Many of the world’s currencies rely on the US dollar as a world reserve currency to hold for their own stability.
But Alasdair Macleod, head of research for GoldMoney, argues that action to protect the dollar by rapid monetary expansion since the Great Depression in 2008 has led to an excess of paper money representing $trillions in debt held by emerging markets, which use it as an international settlement medium.
He warns that this excess of money, which central banks control through interest rates, is now getting beyond this form of control.
The US needs to continue monetary expansion by printing more paper money and bank credit to avoid a depression in its own economy but this is likely to undermine confidence in the dollar as a global currency.
Macleod argues that this has increased the risks of global financial instability.
The problem is that there is a lack of appetite for borrowing by sound businesses due to subdued economic growth. This has also affected commodity prices, such as oil, steel and various minerals leaving the countries that produce them with unsustainable dollar debts.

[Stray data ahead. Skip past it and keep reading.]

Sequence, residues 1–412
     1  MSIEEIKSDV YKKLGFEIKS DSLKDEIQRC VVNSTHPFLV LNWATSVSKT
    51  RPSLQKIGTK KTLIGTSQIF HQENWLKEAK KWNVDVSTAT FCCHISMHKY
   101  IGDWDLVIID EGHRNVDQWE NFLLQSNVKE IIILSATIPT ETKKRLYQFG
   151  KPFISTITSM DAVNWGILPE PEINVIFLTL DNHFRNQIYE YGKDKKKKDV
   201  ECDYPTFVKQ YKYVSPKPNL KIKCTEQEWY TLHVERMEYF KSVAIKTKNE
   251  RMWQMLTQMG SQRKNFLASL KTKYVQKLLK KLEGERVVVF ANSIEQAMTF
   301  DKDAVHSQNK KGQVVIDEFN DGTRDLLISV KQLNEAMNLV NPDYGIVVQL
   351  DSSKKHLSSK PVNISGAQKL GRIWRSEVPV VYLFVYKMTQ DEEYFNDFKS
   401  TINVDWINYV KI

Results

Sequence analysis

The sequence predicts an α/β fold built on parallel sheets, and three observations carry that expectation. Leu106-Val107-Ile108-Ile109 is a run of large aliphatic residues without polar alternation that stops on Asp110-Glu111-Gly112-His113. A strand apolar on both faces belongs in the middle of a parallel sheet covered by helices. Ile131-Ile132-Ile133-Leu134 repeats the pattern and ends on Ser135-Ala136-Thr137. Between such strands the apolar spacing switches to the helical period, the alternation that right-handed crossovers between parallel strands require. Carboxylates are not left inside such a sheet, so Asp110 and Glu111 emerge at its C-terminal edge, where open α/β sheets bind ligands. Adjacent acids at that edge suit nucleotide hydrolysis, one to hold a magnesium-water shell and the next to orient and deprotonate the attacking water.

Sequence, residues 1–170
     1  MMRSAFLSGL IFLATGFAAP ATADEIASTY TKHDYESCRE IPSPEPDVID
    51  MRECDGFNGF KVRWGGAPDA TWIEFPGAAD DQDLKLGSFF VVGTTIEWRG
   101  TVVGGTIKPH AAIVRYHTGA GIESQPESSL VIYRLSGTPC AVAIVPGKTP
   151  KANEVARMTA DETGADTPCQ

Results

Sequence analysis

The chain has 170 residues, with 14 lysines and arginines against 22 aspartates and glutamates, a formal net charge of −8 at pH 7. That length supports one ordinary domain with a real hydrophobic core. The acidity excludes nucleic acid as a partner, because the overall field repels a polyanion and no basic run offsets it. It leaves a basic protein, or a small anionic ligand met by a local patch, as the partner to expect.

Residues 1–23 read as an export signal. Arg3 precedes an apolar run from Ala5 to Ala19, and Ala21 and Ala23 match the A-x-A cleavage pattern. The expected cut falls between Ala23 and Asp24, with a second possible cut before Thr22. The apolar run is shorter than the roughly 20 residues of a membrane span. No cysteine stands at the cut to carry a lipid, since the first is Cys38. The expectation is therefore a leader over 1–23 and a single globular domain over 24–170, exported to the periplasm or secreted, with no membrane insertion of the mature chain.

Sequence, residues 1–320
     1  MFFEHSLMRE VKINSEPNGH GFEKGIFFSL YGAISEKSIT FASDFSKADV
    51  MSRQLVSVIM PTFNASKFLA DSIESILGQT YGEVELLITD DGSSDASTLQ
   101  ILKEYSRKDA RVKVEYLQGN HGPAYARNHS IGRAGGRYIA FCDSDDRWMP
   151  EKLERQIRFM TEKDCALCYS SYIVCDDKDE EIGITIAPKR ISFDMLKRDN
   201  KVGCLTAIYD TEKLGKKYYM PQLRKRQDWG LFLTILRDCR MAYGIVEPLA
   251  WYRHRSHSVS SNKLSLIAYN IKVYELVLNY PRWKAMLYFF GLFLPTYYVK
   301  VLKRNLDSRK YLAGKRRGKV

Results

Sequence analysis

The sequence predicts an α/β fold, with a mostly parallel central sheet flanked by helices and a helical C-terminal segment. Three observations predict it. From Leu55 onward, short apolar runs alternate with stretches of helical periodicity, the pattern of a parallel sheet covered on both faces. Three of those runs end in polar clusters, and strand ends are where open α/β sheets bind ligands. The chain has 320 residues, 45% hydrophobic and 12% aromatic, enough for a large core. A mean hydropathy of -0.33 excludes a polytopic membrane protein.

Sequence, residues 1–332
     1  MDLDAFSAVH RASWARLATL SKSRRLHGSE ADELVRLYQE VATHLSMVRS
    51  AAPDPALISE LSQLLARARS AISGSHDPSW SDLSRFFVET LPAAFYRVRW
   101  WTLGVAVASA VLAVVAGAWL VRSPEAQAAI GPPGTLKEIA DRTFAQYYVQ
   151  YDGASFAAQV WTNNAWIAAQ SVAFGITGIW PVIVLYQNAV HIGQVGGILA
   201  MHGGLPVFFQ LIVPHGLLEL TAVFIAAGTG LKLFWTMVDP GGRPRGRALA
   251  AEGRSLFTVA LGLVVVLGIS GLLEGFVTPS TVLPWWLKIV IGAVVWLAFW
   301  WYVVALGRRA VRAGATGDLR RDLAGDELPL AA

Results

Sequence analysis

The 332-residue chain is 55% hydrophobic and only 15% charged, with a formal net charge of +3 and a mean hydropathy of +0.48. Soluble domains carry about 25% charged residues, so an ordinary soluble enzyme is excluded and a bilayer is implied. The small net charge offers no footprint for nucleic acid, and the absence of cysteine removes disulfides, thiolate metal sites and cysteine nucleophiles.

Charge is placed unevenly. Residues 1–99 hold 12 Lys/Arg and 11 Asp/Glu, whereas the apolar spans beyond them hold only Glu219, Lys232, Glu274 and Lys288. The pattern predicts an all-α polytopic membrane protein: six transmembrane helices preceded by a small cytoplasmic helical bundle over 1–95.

It is a precarious situation and should there be some event, similar to the dot.com Bubble of the 1990s or a housing market crash, it is likely to lead to a loss of confidence in the dollar.
At that point people would be likely to dispose of dollars or spend them as quickly as possible in preference for ownership of goods.
The knock on effect would impact on the Japanese Yen, the Euro and Sterling and all the other currencies tied to the dollar, whereby they too would suffer.
The prospect of a global recession is not one anyone wants to talk about but it may be the elephant in the room.